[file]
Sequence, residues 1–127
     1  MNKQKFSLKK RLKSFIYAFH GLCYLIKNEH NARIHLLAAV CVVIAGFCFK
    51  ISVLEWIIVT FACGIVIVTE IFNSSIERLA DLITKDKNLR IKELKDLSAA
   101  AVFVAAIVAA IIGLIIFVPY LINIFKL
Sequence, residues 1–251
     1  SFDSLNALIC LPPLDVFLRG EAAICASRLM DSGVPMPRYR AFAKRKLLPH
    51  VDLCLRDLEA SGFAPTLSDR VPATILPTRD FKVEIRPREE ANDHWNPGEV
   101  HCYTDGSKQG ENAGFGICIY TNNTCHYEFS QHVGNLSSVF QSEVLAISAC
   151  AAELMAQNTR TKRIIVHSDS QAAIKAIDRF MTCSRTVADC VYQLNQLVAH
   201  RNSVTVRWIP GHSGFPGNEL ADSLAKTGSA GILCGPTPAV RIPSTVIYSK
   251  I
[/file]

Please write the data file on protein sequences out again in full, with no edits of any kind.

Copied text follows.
Sequence, residues 1–127
     1  MNKQKFSLKK RLKSFIYAFH GLCYLIKNEH NARIHLLAAV CVVIAGFCFK
    51  ISVLEWIIVT FACGIVIVTE IFNSSIERLA DLITKDKNLR IKELKDLSAA
   101  AVFVAAIVAA IIGLIIFVPY LINIFKL
Sequence, residues 1–251
     1  SFDSLNALIC LPPLDVFLRG EAAICASRLM DSGVPMPRYR AFAKRKLLPH
    51  VDLCLRDLEA SGFAPTLSDR VPATILPTRD FKVEIRPREE ANDHWNPGEV
   101  HCYTDGSKQG ENAGFGICIY TNNTCHYEFS QHVGNLSSVF QSEVLAISAC
   151  AAELMAQNTR TKRIIVHSDS QAAIKAIDRF MTCSRTVADC VYQLNQLVAH
   201  RNSVTVRWIP GHSGFPGNEL ADSLAKTGSA GILCGPTPAV RIPSTVIYSK
   251  I